Fewer Deaths from Cancer, But More Prevention Needed
Fewer people are dying from cancer in the United States, but a government report published Monday warned that a lack of preventative measures could put a halt to the steady decline in mortality rates.
The Annual Report to the Nation on the Status of Cancer found that mortality rates have been falling since the early 1990s. From 2000 to 2009, cancer death rates decreased by 1.8 percent per year among men and by 1.4 percent per year among women, with death rates among children declining at similar rates.
However, the study did find that not enough is being done to address the two root causes of cancer - HPV (Human PapillomaVirus) and obesity, which is the underlying cause in one third of all cancer cases.
"While this report shows that we are making progress in the fight against cancer on some fronts, we still have much work to do, particularly when it comes to preventing cancer," said Thomas Frieden, director of the Centers for Disease Control and Prevention, as reported by AFP.
"For example, vaccinating against (the sexually transmitted disease) HPV can prevent cervical cancer, but, tragically, far too many girls are growing into adulthood vulnerable to cervical cancer because they are not vaccinated."
The study found that fewer than half of US girls aged 13 to 17 had received at least one dose of the vaccine and only 32 percent had received all three recommended doses in 2010.
This falls well short of the government's targets and of vaccination rates of 50 to 85 percent in neighboring Canada and of more than 70 percent in the United Kingdom and Australia.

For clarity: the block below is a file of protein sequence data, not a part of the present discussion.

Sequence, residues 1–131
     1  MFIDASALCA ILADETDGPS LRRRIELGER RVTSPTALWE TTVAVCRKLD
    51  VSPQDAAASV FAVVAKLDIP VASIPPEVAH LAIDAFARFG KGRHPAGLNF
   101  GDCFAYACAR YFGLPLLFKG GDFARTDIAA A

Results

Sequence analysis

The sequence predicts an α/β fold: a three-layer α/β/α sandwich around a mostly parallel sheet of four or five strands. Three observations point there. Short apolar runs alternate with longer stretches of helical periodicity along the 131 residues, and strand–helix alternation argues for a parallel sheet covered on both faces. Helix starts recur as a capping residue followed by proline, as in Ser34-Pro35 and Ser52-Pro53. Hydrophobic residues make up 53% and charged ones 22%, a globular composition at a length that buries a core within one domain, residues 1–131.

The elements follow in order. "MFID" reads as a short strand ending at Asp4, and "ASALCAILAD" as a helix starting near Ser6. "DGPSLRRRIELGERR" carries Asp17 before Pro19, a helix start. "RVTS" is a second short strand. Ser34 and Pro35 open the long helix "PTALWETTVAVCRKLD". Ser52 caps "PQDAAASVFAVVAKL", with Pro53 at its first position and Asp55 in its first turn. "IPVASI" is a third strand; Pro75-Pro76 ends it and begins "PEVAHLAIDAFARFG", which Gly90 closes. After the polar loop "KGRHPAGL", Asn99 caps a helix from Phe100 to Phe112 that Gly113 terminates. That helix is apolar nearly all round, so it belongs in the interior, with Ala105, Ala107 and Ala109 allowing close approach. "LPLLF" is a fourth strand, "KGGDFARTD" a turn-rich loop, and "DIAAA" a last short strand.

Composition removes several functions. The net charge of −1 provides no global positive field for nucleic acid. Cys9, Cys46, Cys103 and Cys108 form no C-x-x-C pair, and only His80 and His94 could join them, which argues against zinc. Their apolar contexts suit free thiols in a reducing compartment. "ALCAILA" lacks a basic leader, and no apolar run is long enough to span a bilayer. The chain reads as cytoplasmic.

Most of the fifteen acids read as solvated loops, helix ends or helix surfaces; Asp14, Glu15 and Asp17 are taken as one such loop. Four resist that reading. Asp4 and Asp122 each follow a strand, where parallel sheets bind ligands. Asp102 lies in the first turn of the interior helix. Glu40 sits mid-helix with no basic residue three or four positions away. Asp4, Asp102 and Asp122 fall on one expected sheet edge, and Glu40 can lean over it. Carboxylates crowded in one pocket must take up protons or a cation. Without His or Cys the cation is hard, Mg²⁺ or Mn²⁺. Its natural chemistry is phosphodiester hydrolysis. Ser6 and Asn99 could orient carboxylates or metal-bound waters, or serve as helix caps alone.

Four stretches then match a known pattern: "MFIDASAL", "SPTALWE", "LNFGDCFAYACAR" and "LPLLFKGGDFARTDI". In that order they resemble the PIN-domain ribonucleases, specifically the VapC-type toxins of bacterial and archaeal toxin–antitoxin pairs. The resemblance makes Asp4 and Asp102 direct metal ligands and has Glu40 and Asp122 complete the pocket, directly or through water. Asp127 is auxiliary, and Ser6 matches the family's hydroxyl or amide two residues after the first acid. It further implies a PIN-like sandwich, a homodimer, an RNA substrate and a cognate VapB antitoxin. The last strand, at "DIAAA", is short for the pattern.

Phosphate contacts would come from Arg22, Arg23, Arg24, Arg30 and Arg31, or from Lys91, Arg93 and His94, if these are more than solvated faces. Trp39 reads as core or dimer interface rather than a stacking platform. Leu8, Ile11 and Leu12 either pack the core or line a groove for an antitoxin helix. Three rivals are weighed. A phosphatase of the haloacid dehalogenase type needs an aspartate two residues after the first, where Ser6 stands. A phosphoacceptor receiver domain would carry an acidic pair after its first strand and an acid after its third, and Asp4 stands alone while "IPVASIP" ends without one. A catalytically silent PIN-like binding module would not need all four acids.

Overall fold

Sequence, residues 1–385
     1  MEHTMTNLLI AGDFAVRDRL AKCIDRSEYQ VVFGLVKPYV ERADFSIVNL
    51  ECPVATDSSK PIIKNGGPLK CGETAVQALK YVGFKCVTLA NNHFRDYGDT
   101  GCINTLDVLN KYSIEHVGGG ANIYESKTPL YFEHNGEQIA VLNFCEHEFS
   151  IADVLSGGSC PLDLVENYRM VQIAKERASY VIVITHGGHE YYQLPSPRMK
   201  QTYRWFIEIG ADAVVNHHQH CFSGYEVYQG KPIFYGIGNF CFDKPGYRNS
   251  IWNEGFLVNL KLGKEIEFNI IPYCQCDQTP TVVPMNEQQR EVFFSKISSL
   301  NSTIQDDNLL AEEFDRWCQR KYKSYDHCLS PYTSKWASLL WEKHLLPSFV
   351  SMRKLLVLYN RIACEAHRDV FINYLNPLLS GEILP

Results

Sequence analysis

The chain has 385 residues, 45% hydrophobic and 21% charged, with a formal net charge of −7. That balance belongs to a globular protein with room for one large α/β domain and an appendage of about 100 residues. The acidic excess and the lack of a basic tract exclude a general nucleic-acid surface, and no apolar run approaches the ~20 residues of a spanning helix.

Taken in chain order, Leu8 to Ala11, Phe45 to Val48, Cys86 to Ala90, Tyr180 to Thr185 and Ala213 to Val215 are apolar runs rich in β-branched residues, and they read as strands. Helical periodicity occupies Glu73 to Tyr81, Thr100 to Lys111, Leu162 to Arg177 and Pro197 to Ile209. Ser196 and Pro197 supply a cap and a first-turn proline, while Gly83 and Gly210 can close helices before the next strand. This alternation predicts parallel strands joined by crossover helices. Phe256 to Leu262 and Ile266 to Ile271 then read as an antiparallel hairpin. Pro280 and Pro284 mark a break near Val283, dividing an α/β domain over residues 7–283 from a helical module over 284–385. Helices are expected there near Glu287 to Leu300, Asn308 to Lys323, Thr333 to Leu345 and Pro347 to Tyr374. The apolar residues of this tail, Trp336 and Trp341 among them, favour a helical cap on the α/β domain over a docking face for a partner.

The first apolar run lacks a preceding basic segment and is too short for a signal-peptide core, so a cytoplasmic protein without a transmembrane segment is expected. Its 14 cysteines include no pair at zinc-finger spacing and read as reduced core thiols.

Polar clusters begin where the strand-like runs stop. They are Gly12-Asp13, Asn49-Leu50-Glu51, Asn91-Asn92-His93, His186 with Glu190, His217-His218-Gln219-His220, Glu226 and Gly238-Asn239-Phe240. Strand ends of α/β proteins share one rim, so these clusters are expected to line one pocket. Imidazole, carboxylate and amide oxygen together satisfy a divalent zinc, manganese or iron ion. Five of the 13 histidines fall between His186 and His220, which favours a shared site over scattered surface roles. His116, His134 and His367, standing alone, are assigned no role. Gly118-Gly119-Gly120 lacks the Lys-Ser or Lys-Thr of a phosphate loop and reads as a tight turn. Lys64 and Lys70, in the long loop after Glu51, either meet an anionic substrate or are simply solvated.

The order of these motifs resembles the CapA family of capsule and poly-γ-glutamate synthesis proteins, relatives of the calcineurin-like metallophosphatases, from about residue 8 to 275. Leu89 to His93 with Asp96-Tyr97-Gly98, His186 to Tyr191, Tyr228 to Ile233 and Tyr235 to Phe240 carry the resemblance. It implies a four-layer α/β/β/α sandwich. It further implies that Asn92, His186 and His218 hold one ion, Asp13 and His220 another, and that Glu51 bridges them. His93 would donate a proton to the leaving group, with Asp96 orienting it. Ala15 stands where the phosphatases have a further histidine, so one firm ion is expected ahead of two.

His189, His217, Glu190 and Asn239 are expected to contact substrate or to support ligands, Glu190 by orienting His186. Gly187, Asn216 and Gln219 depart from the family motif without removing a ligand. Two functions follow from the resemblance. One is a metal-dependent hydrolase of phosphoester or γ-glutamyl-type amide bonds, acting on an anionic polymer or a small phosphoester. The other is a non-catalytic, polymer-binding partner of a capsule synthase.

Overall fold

It comes as HPV-associated cancer rates are on the rise.
"The continuing drop in cancer mortality over the past two decades is reason to cheer," said John Seffrin, chief executive officer of the American Cancer Society, which co-authored the study.
"The challenge we now face is how to continue those gains in the face of new obstacles, like obesity and HPV infections.
"We must face these hurdles head on, without distraction, and without delay, by expanding access to proven strategies to prevent and control cancer."
Researchers also pointed out that declines in cancer death rates may be because of the changing lifestyle habits of Americans, caused mainly by reductions in risk factors like smoking and improvements in early detection and treatments.
Cancer kills more than 1,500 people a day in the United States. That's 301,820 men and 275,370 women in 2012, according to the latest estimates by the American Cancer Society.
About 1.6 million Americans are diagnosed with cancer every year.